Several years ago, while reading an article about world famous musician Ludwig van Beethoven, I ran across a reference to one of his most famous pieces of music, the “Kreutzer Sonata.” Like most people, I’d heard of this musical composition before, but I couldn’t honestly say that I’d listened to the entire thing from start to finish. For that reason, I added it to my “bucket list” a few years ago.
Many of you will remember from music appreciation class that a sonata is a musical composition for one (sometimes two) instrument (s) that consists of three or four sections (or movements) in different forms or keys. Beethoven wrote the “Kreutzer” Sonata, which is technically known as “Violin Sonata No. 9,” in 1803. This famous sonata was for the violin and piano, consists of three movements and is usually between 40 to 45 minutes long.
Many of you may be wondering why this sonata is called the “Kreutzer Sonata,” and that’s something that I’d always wondered about too. Earlier this year, I ran across an explanation in an article that said that it’s called the “Kreutzer Sonata” because Beethoven dedicated the piece to Rodolphe Kreutzer, who is considered one of the finest violinists of the 19th century.
Thanks to YouTube, I listened to the “Kreutzer Sonata” from start to finish for the first time yesterday (Sunday). Since, then I’ve listened to it several more times. In fact, I’m listening to it right now, as I type this.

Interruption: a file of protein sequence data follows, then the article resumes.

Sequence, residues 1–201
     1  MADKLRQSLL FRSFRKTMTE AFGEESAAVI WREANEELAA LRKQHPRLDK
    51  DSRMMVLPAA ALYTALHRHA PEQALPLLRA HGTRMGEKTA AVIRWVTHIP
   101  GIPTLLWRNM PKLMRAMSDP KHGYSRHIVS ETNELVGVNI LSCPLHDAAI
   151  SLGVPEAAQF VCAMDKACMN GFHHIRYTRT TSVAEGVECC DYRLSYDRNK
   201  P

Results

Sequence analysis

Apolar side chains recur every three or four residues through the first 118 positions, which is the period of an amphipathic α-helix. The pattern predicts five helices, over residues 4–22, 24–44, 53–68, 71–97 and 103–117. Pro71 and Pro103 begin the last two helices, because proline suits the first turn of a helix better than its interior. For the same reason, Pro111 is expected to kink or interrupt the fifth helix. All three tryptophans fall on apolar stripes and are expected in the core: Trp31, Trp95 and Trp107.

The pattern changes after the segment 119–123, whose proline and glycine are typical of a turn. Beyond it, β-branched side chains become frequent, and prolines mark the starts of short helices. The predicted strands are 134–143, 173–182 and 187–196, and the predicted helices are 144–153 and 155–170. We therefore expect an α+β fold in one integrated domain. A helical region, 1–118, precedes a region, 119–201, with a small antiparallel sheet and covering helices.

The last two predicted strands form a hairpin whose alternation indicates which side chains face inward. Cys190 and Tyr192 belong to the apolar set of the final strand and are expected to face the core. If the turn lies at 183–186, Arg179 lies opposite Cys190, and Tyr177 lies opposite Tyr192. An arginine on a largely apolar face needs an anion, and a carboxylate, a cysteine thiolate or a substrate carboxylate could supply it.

Like most folks who’ve probably listened to this sonata, I found the first movement familiar. I’d heard it before, but I just didn’t know what it was called. It’s right at 15 minutes long.
I wasn’t as familiar with the second and third movements. The second movement is about 18 minutes long, and the third movement is about 10 minutes long. The second and third movements are faster than the first movement and have a totally different tone altogether.
Having now listened to this famous piece of music from start to finish, I can see why it’s so famous and well thought of. It’s a beautiful piece of music and somewhat spellbinding. I found myself listening with my eyes closed and trying to pick out every individual note. This gets harder once the piece progresses into the faster second and third movements.
Following note by note, I was impressed with the idea that Beethoven was obviously a genius. His God-given abilities allowed him to create works of art that people still enjoy today and pluck the emotional strings of people living hundreds of years after his death. Like a good movie, after listening to the “Kreutzer Sonata” for the first time, I was left with the overpowering desire to listen to it over and over again – which is what I did.
In the end, how many of you have ever listened to Beethoven’s “Kreutzer Sonata” from start to finish? What did you think about it? Let us know in the comments section below.